Coming into this game, there were questions about how the California Golden Bears’ defense would hold up against a mature quarterback with quality offensive weapons. There were more internal questions that needed to be answered also, like who would be starting at quarterback for the Bears. This road game was a test for the Bears, as they played a legitimate BYU Cougars team that played extremely well in their win over the Arizona Wildcats in week one.
First Half Analysis
Early on, I felt issues of last year had resurfaced—specifically the issue of tackling. Though we weren’t the sharpest in this to begin the game, Cal was able to force BYU to punt on back-to-back possessions to start the game.
The Bears offense came out on the first drive not looking in-sync. Chase Garbers started the game playing nervously, making a couple bad throws on the first drive. An issue in this game was the size of the BYU defensive line and their ability to deflect passes. The first offensive drive for the Bears included some penalties, which was something we had a lot of.
Both the offense and defense improved mightily in their second drives. On defense, Evan Weaver and Jordan Kunaszyk both made their presences known with 12 tackles for the game. On offense, Garbers had calmed down, gained composure, and led the offense. He shared the field with Brandon McIlwain, often substituting multiple plays per drive.
The first points of the game were scored when Garbers found Patrick Laird in the back of the endzone for a catch. The Bears went up 7–0 on that drive, but BYU followed up with a field goal. The Bears rattled BYU quarterback Tanner Mangum with blitzes all night. Senior OLB Alex Funches is an unsung hero of this defense—and has been for some time. His ability to bring pressure and somehow get past the opposing offensive line to disrupt quarterbacks in amazing.
At the half, the score was 7–3 in favor of the Bears and Squally Canada had carried the ball 12 times for 54 yards; after the half, he would not be much of a factor at all. By the half, BYU had more yards, more third-down conversions, and more time of possession, but only scored a field goal to show for it.
In the second half, some things got better and others got worse. In the first half, Garbers shined; in the second, Brandon McIlwain made it clear through his play that the starting QB role is still up for grabs. He started the second half with key runs on back-to-back drives. Chase Garbers returned the competition finding Kanawai Noa on a delayed wheel route—which he took in for a touchdown with a little over 12 minutes in the half to extend the lead 14–3.
DON’T GET TOO HAPPY TOO SOON.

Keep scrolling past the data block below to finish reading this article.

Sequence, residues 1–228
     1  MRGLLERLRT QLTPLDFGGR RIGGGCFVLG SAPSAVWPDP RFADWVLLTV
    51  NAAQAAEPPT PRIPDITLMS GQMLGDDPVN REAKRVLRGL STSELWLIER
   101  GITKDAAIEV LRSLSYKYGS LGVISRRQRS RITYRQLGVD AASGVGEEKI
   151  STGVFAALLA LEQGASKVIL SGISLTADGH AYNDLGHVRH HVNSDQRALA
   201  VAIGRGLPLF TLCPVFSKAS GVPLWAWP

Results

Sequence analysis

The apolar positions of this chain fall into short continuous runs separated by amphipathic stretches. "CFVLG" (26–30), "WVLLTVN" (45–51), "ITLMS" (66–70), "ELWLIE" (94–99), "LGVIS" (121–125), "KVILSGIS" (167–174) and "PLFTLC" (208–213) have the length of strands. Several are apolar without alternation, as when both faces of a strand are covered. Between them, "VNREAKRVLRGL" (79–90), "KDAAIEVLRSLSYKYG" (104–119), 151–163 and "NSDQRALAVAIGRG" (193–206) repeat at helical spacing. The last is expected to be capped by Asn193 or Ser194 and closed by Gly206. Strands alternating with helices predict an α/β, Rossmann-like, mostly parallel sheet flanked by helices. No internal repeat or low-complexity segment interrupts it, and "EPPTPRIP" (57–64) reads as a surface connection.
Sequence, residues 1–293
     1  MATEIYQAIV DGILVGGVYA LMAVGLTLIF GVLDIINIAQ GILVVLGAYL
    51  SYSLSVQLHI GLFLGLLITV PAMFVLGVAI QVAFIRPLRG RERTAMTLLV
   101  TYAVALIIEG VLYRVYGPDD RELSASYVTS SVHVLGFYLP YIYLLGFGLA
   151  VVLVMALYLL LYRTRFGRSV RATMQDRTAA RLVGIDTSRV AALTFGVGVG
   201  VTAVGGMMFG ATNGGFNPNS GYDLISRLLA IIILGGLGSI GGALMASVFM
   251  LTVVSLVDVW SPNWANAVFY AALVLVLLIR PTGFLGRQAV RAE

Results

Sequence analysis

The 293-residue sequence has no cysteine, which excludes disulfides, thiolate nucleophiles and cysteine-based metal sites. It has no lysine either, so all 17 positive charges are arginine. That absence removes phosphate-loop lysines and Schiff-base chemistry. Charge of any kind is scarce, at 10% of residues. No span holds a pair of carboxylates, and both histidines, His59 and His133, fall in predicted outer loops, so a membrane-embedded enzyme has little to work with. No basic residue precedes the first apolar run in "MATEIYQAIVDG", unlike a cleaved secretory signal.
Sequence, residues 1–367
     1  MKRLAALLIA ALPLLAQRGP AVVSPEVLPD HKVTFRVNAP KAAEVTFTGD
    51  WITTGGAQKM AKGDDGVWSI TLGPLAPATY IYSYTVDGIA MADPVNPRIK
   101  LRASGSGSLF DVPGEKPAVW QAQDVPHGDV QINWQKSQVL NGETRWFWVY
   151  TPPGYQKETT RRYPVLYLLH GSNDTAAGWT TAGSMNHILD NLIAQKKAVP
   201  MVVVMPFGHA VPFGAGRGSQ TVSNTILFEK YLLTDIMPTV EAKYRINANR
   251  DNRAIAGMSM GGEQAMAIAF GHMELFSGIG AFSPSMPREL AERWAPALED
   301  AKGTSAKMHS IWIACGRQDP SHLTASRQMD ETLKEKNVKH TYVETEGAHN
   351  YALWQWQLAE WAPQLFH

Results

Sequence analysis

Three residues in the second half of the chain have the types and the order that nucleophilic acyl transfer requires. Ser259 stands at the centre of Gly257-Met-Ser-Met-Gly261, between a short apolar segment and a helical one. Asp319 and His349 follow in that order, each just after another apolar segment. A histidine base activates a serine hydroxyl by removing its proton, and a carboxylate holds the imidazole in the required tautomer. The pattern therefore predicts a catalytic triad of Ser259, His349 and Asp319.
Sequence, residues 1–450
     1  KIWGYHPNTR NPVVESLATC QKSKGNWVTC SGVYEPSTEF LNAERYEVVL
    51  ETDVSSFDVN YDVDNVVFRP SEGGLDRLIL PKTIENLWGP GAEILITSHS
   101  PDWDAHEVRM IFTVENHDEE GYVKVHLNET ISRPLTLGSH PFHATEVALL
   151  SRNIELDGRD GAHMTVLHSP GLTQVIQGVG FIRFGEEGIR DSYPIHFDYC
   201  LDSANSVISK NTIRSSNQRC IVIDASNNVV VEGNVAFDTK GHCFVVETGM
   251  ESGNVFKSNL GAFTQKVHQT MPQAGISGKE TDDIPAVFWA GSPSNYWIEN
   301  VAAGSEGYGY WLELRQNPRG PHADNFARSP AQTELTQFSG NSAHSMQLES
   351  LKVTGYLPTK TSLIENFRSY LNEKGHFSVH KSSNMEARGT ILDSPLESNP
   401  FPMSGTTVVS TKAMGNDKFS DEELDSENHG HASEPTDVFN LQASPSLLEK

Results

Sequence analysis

Tevin Paul made a crucial stop on 3rd and 4 for the Cal defense on the next drive. Though when Cal got the ball back, RB Derrick Clark fumbled the ball while being tackled to the ground—fumble-6 BYU. We made many mistakes on both sides of the ball—whether it was penalties or simple mistakes that were costly for the offense—but the team weathered the storm and stayed composed. The run game for BYU became non-existent. Canada finished the night with 16 attempts for 49 rushes, half of what he had last week against Arizona.
Things began to get fishy for the Bears at some points of the second half. Beyond the Clark fumble, Vic Wharton muffed a punt return, giving BYU the ball back in the red zone. Though in these situations, none of the players dropped their heads—they stayed determined to make up for their mistakes.
The defense gave us glimpses of a week ago as they found a way to create turnovers in the second half, specifically in the fourth quarter. BYU had a difficult time finding the end zone until late in the game. Prior to this, Mangum threw two interceptions that were costly for the Cougars. It seemed that every throw for him downfield became more and more dangerous each time he threw it.
The game came down to the same finish as last week—the opposing team scoring, then trying to get the ball back by performing an onside kick. Luckily this onside kick was an easy grab for Jaylinn Hawkins. Though BYU still had timeouts to use, Brandon McIlwain ran the ball himself—leading to a first down that secured the victory.
-The offensive line did a good job of protecting the QB. BYU’s front four were very big, but our guys found a way to keep them away from Garbers and McIlwain.
-Brandon McIlwain ran the ball very effectively. He looked good in the shotgun formation, and was very crafty in finding holes in the defense to run through.
-Cal had a lot of penalties, many of them unnecessary. Furthermore, they look sloppy on some plays. They will need to clean this up as they enter Pac-12 play where they will need to play near-perfectly in order to win.
-The defense is legit. This is a complete defense that again shows why they are legitimate contenders against any offense they face this season.